- Actress and singer Olivia Newton-John passed away Monday at the age of 73.
- The singer was diagnosed with breast cancer in 1992 and became an outspoken advocate.
- Newton-John worked for over 30 years to raise awareness and funds for breast cancer research.
- She also helped raise the funds needed to build the Olivia Newton-John Cancer and Wellness Centre in Melbourne, Australia, which continues to sponsor global research into plant medicine and cancer.
- The work of advocates like Newton-John has helped further advancements in breast cancer detection and treatment.
Music icon and “Grease” star Olivia Newton-John passed away on Monday at the age of 73, according to an announcement made by her husband, John Easterling, on Facebook.
Though Newton-John may be best remembered for her singing and acting talents, she was also a fierce advocate for breast cancer, openly sharing her own battle with the disease while working to raise awareness and funds to further education and treatments.
Newton-John first found a lump in her breast in 1992. After being diagnosed with breast cancer, she was treated and went into remission.
In 2013, her breast cancer returned in her shoulder, followed by her back in 2017.
In September 2018, she revealed she was receiving treatment for cancer at the base of her spine.
“Olivia has been a symbol of triumphs and hope for over 30 years sharing her journey with breast cancer,” Easterling wrote in his announcement.
Despite her challenges, Newton-John thrived while living with breast cancer for three decades.
In addition to inspiring others with the story of her breast cancer journey, Newton-John helped raise funds in 2008 to build the Olivia Newton-John Cancer and Wellness Centre in Melbourne, Australia, which continues to sponsor global research into plant medicine and cancer.
Since Newton-John’s first diagnosis in the 1990s, breast cancer detection and treatment methods have seen many advancements.
Dr. Peter Schmid, medical director at Perci Health, an online platform that gives people access to multidisciplinary cancer specialists, says breast cancer survival rates have more than doubled in the past 40 years.
He notes that 76% of people with breast cancer now live 10 or more years, according to
“This is because cancer detection has improved, and treatment has become more targeted, resulting in more people being able to have the relevant treatment,” he explains.
“For metastatic breast cancer, where the cancer has spread to other parts of the body, the 10-year survival rates are lower depending on how advanced your cancer is,” he adds. “However, the good news is that new treatments are becoming available even for those with very advanced disease.”
Schmid says some of the major advancements in breast cancer detection and treatment over the past 20 years, include improved screening programs, novel therapies such as immunotherapy, and genetic profiling.
Where screening is concerned, Schmid says 3D mammography allows for more precise images, meaning doctors can detect cancer at earlier stages.
Meanwhile, “Immunotherapy – using the body’s immune system to recognize and kill cancer cells – has shown great results for triple-negative breast cancer,” he explains.
While treatments for breast cancer have advanced greatly over the past 30 years, health experts say prevention is still the best medicine.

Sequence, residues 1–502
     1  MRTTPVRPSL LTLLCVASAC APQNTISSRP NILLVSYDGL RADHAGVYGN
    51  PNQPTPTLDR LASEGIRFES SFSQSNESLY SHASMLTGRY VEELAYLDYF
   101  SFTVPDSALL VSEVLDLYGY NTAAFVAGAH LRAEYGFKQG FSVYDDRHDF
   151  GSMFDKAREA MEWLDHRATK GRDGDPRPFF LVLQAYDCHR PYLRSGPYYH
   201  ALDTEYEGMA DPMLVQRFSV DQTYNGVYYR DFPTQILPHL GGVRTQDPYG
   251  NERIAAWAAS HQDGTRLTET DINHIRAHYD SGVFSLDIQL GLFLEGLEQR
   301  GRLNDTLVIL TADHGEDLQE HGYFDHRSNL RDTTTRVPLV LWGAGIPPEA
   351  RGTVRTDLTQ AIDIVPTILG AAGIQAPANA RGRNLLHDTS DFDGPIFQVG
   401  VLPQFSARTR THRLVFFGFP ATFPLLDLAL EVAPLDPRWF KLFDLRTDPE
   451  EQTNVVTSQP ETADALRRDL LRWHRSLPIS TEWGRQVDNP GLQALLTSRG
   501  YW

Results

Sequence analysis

“There’s no single cause of breast cancer. It results from a combination of the way we live our lives, our genes, and our environment,” clarifies Lisa Jacques, lead cancer nurse at Perci Health.
While there are no definitive ways to prevent breast cancer, she says there are some lifestyle changes you can implement to help lower your risk.
Jacques stresses that there is no safe amount of alcohol when it comes to reducing your breast cancer risk but she advises limiting your alcohol intake to a maximum of 14 units per week. This is roughly equivalent to six pints of beer or one and a half bottles of wine per week.
Quitting smoking is also significantly beneficial.
“There’s growing evidence that smoking can increase the risk of breast cancer and the risk is higher if you have a significant family history of breast cancer,” Jacques points out.
However, quitting smoking can be challenging for many. That’s why Jacques advises consulting with a medical practitioner who may be able to point you in the direction of effective smoking cessation programs.
Maintaining a healthy weight is also key when it comes to lowering your breast cancer risk.
“Try to stay active where possible,” Jacques advises. “You don’t need to do high intensity workouts or pay for a gym membership. A short daily walk outside, which is low impact and free, can make all the difference.”
Like many cancers, early detection can improve survival rates for cancer, and that’s why checking your breasts on a regular basis is paramount.
Jacques advises checking for lumps once a month, ideally on the same day each month, by lifting your arms up and rubbing your hand around the breast in a circular motion.
It’s key to know your body and know what is new or unusual. “For example, you might notice a change of size, feel of the skin, notice a rash, lumps, or nipple changes,” says Jacques.
“You might also notice some pain. However, pain isn’t always present so you shouldn’t rely on this on its own,” she adds.
If you do notice any changes, it’s imperative that you speak with your medical practitioner or oncology team.
Nevertheless, Jacques stresses the treatments available and the overall outlook for breast cancer patients today have improved by leaps and bounds, in part due to the advocacy efforts of people like Newton-John.
“Many people now live long and happy lives after a cancer diagnosis,” Jacques says.